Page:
Morsetown  School District 42

Morsetown School - Last One Roomer


Morsetown School District 42


     Captain Parker Morse came to Woodford County from Vermont in 1835.  He came with his family in a wagon pulled by horses.  The journey took six weeks to reach Chicago and three weeks more downstate to what is now Woodford  County.  At that time this area was a part of Tazewell County and it was not until 1841 that Woodford County was established. 

     In 1836, three men—Parker Morse, James Owen, and Thomas Jones decided that a rough hewn wilderness needn’t necessary mean uneducated children.  They formed a district including the land of the present day Morsetown district and including land north as far as Cazenovia and Low Point. 

     Miss Love K. Morse, daughter of Parker Morse was hired to teach, part of the time in a room of a private home, and part of the time in a building built for that purpose.  At the end of the term her brother Joseph, taking the necessary papers with him rode to Springfield to collect pay for her work.  This school according to early histories of Woodford County was the first free school in Woodford County, and by some authorities, the first free school in the state of Illinois.

     The first building was a white frame building, with boards running up and down the walls.  It was located north of the present building, somewhere between John Voelker’s and Arthur Gingrich’s.  It was later sold to Marcellus Wilson, who moved it to the farm where Roger Bachman now lives.  It was later moved to the Smith Robinson farm and is now occupied by the Guy Gold family.  It was originally used for a church on Sunday and a school during the week.  School was held for three terms each year, sometimes with a different teacher for each term.

     In 1854, a new district was formed.  Between this time and 1858 the materials were ordered, delivered, and the building erected—much of the work being done by  the farmers living in the district.  Old records show that some of the bricks were hauled from Spring Bay at the cost of $3.50 per thousand.  While we cannot determine the exact date that school was held in the new building, bills for books and desks lead us to believe that it was during the school year of 1857-58.  Tax receipts show that various individuals had paid their taxes directly to the school district.  The district purchased all books and furnished them to the students.  Of the 27 persons, between the ages of 5 and 21 in the district in 1862, we found that 23 were in regular attendance at school, indicating that the desire for education was as strong then as now.  A bill dated 1884 shows that double desks are purchased at that time.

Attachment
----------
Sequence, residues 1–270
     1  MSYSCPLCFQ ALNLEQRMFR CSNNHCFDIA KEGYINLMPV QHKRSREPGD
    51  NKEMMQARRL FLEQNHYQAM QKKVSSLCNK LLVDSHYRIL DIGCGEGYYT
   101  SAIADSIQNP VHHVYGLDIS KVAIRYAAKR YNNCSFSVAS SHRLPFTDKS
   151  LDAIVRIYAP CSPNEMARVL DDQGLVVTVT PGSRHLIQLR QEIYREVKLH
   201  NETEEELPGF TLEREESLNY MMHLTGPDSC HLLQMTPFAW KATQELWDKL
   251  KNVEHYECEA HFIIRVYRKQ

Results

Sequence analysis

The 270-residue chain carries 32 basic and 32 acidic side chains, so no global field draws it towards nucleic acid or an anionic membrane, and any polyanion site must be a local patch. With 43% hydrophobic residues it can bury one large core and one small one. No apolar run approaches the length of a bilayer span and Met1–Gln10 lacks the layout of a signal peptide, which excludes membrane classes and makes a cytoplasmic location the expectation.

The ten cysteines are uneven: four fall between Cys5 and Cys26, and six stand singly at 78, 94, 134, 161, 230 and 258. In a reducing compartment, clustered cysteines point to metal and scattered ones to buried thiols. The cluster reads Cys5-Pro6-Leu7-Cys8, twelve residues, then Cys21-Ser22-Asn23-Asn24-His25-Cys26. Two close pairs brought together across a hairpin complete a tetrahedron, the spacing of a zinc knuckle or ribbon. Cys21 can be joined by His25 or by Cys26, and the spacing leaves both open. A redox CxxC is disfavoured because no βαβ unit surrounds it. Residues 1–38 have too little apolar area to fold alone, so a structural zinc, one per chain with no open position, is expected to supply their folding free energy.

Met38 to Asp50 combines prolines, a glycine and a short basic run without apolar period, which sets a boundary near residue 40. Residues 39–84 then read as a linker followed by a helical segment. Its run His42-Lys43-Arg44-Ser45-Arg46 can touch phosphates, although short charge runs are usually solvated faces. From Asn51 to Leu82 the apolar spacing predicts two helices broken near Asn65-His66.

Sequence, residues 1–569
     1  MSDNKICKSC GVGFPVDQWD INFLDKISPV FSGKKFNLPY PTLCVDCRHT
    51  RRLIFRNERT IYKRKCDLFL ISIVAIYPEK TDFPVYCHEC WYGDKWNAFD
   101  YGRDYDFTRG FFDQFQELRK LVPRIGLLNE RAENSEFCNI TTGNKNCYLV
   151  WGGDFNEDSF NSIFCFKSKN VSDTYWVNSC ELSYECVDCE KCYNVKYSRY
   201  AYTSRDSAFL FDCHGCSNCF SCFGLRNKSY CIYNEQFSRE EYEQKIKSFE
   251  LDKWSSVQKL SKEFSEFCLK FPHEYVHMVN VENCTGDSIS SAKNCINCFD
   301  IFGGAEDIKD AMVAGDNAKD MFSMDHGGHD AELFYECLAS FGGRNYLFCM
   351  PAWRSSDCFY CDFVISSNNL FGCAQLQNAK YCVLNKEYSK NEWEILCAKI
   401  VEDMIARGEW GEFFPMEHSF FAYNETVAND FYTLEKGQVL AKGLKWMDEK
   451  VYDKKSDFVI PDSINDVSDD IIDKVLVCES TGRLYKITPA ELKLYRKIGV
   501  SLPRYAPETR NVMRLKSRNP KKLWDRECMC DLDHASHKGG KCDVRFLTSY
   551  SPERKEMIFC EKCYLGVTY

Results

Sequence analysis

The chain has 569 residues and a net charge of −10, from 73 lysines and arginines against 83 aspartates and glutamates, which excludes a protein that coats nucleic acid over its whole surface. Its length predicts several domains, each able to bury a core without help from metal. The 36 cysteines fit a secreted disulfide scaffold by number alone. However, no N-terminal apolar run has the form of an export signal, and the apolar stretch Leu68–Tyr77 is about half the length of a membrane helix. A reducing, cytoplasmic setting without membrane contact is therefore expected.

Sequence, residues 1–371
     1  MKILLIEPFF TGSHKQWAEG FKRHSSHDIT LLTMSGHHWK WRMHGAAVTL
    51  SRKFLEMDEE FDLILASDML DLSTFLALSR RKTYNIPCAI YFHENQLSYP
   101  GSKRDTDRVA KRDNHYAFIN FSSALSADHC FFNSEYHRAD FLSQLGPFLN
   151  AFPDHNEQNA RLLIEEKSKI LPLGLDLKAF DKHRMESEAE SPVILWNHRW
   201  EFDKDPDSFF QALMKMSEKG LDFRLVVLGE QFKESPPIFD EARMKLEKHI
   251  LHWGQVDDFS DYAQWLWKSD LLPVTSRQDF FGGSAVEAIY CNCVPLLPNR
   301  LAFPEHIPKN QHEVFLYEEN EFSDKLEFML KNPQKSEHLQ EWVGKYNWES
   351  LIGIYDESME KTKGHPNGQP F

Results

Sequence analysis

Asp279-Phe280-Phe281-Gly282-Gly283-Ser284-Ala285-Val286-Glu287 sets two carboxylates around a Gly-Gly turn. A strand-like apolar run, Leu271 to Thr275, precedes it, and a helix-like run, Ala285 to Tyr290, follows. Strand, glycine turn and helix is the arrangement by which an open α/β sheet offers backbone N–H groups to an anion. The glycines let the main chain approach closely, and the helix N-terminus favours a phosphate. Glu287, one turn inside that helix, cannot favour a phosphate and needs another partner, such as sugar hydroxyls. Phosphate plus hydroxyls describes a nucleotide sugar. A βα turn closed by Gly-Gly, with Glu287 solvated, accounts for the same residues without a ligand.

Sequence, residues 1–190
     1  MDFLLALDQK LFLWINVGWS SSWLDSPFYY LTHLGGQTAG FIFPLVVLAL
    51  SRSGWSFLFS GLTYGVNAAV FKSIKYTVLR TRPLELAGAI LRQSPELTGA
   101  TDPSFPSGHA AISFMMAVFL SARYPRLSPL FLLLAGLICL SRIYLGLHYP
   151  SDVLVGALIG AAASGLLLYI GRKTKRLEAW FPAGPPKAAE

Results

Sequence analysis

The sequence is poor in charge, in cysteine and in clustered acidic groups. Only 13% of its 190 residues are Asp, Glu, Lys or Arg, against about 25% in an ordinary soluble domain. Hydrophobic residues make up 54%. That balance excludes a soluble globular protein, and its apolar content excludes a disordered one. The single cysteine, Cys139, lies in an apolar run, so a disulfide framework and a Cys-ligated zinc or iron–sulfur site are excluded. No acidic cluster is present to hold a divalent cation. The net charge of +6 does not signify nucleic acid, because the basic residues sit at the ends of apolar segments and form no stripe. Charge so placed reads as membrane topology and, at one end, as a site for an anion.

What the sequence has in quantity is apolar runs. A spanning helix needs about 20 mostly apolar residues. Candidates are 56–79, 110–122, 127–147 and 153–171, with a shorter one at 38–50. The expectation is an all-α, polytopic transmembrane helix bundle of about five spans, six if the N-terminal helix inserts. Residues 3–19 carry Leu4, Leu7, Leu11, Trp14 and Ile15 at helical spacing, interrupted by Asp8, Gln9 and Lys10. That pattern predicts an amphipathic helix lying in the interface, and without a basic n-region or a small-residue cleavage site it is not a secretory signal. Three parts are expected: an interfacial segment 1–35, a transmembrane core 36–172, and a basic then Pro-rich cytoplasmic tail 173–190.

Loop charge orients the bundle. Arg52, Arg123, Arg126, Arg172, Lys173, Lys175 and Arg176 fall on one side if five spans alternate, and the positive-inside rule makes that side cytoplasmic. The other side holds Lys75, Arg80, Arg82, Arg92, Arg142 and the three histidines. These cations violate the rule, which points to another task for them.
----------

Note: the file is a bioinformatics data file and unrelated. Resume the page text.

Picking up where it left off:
At the turn of the century in the early 1900’s a new school law was passed required all districts to be renumbered.  At that time Morsetown was changed from District 2 to District 42.

     This school has come through the stages of candles, kerosene lights, to electric lights; front straight benches, double seats, old single seats to the present single units.  In 1930 a full basement was dug, cement lined and a furnace was installed.

    Major improvements were again added in 1953 when the furnace was converted to oil, a new well dug, and plumbing was installed.  This year, 1957, a new bulletin board and a new piano were added to the room along with a face lifting in the form of redecorating inside one out.

     In 1960, the Woodford County Board of School Trustees voted unanimously to annex District 42 to Metamora Consolidated Grade School District No. 1.  This official action marked the end of the last remaining one-room school in the county. The state closed Morsetown School after 103 years of continuous education.  Over the years, several families in the area have had three and four generations attend Morsetown School, names like Bachman, Voelker, Schrock, Ranney and Robinson. 

   In the same year, approval was given by the state to use the Morsetown Grade School for trainable mentally handicapped.  After several years, the school was converted into a private home and it stands yet today. 


History taken from the Metamora Herald and the publication printed for the centennial of the school in 1957.


History and photos submitted by Shirley A. Adams.

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